Mediclinic Al Sufouh

Knowledge Village - Dubai

Mediclinic Dubal Mall

Fashion Avenue - Dubai

Overactive Bladder

interstitial cystitis

Table of Contents

In the Overactive Bladder, the urge to urinate may be so pressing that it is hard to control. Moreover, holding can be difficult until the incontinence (urge incontinence). This symptom frequently occurs day and night, so the quality of life is heavily affected.

Even if the overactive bladder is not life-threatening, its symptoms are often bothersome.

Overactive bladder symptoms become more frequent with increasing age.

Between 10 and 20% of people suffer from it at some stage.

If you have an Overactive Bladder, you may feel stressed and sleepy (if you cannot sleep properly during the night); reduce drinking water for fear of having an inappropriate urinary urge (because you are in a meeting or a place without restrooms). Your daily activities could be so affected to limit your work and social life.

In many cases, accurate evaluation and a correct diagnosis solve the problem and restore a good quality of life.

Simple behavioural strategies (dietary changes) and exercises (timed bladder voiding and bladder-holding techniques using the pelvic floor muscles) might alleviate this discomfort. We can consider other treatments if these initial efforts don’t help enough with symptoms.


Overactive bladder typically causes:

  • a sudden need to urinate and to have trouble postponing it (urgency) even with involuntary loss of urine (urge incontinence);
  • need to urinate frequently (frequent urination);
  • need to wake up at night to urinate (nocturia).

These symptoms usually impact the quality of life. Patients with OAB often need to plan their toilet stops before leaving the house, which may affect social activities. Also, the need to urinate at night may impact daily activities. Episodes of urgency resulting in urine leakage are embarrassing and may lower self-esteem.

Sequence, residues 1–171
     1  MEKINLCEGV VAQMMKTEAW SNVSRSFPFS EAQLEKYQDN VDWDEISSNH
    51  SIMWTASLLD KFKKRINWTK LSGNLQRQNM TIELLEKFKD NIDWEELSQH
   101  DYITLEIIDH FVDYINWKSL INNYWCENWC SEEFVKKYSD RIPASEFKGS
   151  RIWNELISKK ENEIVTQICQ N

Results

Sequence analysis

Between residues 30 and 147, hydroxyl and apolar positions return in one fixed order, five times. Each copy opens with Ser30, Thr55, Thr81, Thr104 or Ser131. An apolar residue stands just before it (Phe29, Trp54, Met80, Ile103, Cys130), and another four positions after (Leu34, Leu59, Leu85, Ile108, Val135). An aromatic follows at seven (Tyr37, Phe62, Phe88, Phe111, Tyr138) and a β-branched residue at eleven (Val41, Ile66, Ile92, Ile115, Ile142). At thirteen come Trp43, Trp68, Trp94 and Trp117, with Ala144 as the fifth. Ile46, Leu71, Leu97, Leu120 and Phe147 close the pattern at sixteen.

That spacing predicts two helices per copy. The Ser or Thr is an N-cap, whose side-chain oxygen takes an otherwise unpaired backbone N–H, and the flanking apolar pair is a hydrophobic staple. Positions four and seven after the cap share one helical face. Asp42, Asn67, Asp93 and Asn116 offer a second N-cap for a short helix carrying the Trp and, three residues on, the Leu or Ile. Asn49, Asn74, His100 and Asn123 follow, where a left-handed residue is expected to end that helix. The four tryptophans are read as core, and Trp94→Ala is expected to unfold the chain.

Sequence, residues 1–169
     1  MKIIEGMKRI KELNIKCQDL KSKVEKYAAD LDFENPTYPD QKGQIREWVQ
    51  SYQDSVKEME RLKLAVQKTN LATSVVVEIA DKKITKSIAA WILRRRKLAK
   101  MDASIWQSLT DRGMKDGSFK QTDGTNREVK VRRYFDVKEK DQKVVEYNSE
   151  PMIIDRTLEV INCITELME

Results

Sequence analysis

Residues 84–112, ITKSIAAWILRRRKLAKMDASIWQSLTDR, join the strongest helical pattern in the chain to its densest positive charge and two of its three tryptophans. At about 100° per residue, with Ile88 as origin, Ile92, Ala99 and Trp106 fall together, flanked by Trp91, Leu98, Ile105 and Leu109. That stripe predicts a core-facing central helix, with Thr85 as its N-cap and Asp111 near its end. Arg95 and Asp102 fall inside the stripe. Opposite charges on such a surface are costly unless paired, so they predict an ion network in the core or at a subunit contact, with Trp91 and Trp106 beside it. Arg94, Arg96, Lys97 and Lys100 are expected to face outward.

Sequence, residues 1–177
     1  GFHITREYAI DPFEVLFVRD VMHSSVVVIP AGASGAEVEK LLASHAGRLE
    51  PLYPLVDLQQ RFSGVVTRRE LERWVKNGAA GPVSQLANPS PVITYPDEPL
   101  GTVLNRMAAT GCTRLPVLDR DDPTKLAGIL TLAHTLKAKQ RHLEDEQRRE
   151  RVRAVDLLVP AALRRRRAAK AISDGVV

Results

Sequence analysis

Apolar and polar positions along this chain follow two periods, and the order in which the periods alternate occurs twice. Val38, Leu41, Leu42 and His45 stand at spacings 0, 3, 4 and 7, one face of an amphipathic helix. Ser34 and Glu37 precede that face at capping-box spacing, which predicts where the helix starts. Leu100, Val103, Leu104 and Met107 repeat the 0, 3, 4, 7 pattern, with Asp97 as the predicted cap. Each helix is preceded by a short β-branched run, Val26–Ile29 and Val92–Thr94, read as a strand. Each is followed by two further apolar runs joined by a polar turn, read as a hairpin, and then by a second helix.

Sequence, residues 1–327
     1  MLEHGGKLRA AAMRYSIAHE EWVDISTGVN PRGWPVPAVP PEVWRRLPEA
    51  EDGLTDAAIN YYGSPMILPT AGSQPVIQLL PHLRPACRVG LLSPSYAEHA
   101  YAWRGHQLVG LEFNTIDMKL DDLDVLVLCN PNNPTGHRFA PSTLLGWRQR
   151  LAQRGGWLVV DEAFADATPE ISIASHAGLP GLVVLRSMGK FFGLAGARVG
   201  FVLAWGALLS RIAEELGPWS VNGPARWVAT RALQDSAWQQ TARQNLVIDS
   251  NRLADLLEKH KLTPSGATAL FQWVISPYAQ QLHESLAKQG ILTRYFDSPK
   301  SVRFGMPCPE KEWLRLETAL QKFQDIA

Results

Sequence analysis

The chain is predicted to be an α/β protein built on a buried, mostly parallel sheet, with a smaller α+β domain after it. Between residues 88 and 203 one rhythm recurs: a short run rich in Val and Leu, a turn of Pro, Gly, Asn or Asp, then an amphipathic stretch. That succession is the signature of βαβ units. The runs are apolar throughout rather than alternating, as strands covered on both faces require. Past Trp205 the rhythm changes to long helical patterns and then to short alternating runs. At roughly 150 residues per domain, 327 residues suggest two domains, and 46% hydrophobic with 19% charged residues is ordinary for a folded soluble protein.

The cause of Overactive Bladder syndrome is not well understood and is still under investigation.

This bladder dysfunction causes:

  • the sudden, spontaneous contractions of the bladder muscle even when the volume of urine in the bladder is low (bladder instability);
  • the abnormal sensitivity to the feeling of bladder filling (bladder sensitivity);
  • The bladder fills up more quickly because of low bladder capacity.

These three mechanisms that cause OAB can occur in the following diseases:

General diseases:

  • Diabetes;
  • Neurology disorders (stroke and multiple sclerosis);
  • Hormonal changes during menopause;
  • Psychologic distress;

Bladder diseases:

  • Factors that obstruct bladder outflow (prostate enlargement, urethral strictures);
  • Incomplete bladder emptying (little urine storage space left);
  • Tumours or bladder stones;
  • Urinary tract infections.

Other factors:

  • Medications that cause increased production of urine;
  • Excess consumption of caffeine or alcohol;
  • the declining cognitive function and abnormality in the nervous reflexes between the brain and bladder.


 Self-management can be the first step of treatment. The following self-management measures may help (under medical advice):

  • To “hold it” longer when feeling the urge to urinate. It will train the bladder to increase the time between urinations;
  • Pelvic muscles can weaken with age. Different exercises can help enhance muscle strength and suppress the urge to urinate. A physiotherapist can help to do these exercises in the right way;
  • Lifestyle changes:
    • Discuss with the doctor how much to drink;
    • Drink less before and during long trips;
    • Drink less in the evening to avoid getting up at night;
    • Reduce alcohol and caffeine;
    • Certain foods can have an irritative action on the bladder and worsen OAB symptoms. It is better to reduce artificial sweeteners, spicy foods, citrus fruits and juices, caffeine and soft drinks;
    • Maintain a healthy weight.

You do not have to see these symptoms as a normal part of ageing or an untreatable problem. If you have bothersome symptoms, you must go to your doctor and discuss your situation.

Seek help and let your family know about your situation. It might make you feel more comfortable if your partner, relatives, or friends are aware of your problem.

Medical treatment

We have some medications to treat an overactive bladder that can decrease bladder contractility and capacity. As a result, urination is less frequent and urgent. However, the treatment is chronic, and if it is discontinued, symptoms will appear again.


Multiple injections of botulinum toxin in the bladder may help decrease bladder contractility. We make these injections during a cystoscopy, generally under sedation. However, the effect is temporary and may last up to 6-8 months.

Sacral nerve stimulation